Jotun – What We Think:
Jotun, the first game from Montreal, Quebec studio Thunder Lotus Games, is a beautifully hand-drawn boss-killer game with plenty of room in between for lonely exploration — think Banner Saga meets Shadow of the Colussus. After a successful Kickstarter campaign last year, the game has just entered beta, with a projected release date of this coming autumn.
As recently deceased Viking warrior Thora, your goal in the game is to fight your way through various realms in the underworld of Norse mythology, gathering runes to summon and then dispatch the Jotuns (fierce giants and enemies to the gods). Should you succeed, you’ll hopefully impress the gods enough to enter Valhalla.
The developers have done a fantastic job with the mythology, hewing close enough to the original sagas and poems of the Viking age to keep purists happy while playing fast and loose enough to keep things interesting for the action RPG format. The bombastic orchestral score helps, of course, but the real star is the art. Hand-drawn and traditionally animated, it’s reminiscent of the early ’80s fantasy films of Rankin/Bass Productions, like The Last Unicorn and their adaptation of Tolkien’s The Return of the King.
Shadows of Giants
It’s also more than a bit reminiscent of Banner Saga, what with the gorgeous animation and moody, Norse-infused storyline. The gameplay is quite different, however. Instead of Choose Your Own Adventure plot lines broken up by turn-based strategy, Jotun is a lot more like Playstation 2 favorite Shadow of the Colossus: lots of wandering through empty wastelands coupled with fights against seemingly insurmountable bosses.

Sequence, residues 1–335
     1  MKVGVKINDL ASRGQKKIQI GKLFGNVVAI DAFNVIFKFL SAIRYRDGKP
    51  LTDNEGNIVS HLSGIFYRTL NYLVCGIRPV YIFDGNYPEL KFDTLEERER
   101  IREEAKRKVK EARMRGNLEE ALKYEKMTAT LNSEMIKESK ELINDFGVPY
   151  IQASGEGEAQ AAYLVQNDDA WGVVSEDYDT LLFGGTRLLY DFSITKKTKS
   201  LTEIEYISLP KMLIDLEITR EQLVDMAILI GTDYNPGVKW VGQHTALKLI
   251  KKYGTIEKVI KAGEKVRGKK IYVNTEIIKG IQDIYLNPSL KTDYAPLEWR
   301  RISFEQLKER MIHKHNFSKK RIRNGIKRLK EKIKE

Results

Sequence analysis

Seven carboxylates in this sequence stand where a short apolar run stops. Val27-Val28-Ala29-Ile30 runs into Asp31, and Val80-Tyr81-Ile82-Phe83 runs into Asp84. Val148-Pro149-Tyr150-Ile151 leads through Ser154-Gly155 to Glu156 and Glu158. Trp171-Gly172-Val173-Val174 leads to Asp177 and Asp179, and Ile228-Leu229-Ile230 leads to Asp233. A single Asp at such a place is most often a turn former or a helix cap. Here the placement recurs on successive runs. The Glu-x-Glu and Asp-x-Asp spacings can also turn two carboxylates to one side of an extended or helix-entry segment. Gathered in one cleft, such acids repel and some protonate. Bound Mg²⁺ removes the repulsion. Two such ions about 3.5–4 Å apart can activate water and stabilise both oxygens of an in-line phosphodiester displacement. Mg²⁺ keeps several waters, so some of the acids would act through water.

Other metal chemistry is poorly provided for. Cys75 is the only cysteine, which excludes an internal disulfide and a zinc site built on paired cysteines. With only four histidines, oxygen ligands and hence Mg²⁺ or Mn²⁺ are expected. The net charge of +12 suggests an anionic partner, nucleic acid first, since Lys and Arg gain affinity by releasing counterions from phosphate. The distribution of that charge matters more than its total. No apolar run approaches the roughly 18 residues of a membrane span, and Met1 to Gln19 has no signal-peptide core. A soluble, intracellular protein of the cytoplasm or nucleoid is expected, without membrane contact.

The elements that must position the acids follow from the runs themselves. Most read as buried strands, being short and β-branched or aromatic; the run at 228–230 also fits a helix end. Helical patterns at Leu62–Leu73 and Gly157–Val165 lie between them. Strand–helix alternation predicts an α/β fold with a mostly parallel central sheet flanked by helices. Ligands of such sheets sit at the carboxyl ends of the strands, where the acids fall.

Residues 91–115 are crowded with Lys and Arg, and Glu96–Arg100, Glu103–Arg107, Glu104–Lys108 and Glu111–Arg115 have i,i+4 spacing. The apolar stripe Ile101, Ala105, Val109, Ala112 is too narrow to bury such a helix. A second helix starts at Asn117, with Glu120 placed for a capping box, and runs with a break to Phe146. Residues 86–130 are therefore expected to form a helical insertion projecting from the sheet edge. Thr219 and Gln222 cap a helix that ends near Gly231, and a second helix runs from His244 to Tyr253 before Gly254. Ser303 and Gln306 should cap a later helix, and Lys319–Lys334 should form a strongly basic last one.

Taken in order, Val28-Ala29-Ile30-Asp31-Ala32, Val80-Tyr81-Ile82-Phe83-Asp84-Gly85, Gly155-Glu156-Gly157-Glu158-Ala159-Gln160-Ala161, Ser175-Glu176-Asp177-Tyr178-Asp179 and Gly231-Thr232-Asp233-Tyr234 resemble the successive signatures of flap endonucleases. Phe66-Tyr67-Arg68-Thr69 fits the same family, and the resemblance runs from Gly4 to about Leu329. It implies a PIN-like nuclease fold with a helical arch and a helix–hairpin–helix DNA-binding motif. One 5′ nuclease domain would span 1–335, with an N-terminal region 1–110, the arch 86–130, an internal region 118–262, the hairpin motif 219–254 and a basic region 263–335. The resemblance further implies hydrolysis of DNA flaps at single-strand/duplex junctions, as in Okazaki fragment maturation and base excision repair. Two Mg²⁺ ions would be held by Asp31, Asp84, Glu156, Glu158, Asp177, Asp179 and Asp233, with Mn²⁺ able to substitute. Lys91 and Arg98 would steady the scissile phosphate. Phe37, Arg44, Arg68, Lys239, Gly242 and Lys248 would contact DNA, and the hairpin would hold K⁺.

Even in its beta state, which only provides access to two out of an eventual five realms, the game has its basic feel nailed down. The exploration is just time-consuming enough to feel like part of the game itself, instead of a mere preamble to the boss fights.
In addition to finding various statues of the gods, which provide bonus powers like extra speed and strength for the combat portions, the exploratory sections also see Thora dodging various obstacles, like ice storms, falling stalactites and a massive serpent that swims beneath an icy lake, periodically bursting upward as you attempt to cross. There’s even a bit of combat thrown in, which is a handy way to get a feel for her massive ax.
Almost Ready for Valhalla
The game does still have a few kinks to work out. For starters, there’s no camera zoom, which can be annoying for a game with an isometric view (to its credit, the automatic zoom works fairly well, and presumably, the developers will add camera controls as the game gets closer to release). The controls can feel slow to respond, too, especially in comparison to other action games. Part of this, however, might just be a matter of learning technique; Jotun is definitely a game in the Dark Souls vein in that you’ll learn its fighting techniques via lots of repetition and lots of deaths. Even if it’s frustrating at times, you get the sense that it’s supposed to be.
In any case, there’s more to love about Jotun than to complain about. The backgrounds are stunning, the character animations even moreso. Thora feels like a real Viking warrior, all strength and grunts as she swings her massive ax (for Game of Thrones fans, think Brienne of Tarth, not Daenerys Targaryen). Yet once a massive Jotun is in frame, she seems tiny and insubstantial, highlighting the seeming impossibility of the boss fights.
Either way, you’ll find the plucky heroine a boon companion as you explore the game’s icy expanses and delightfully dreary caverns. I’m already looking forward to exploring the other realms the Jotuns rule…and helping Thora finally win favor from the gods.
Watch the trailer for Jotun below: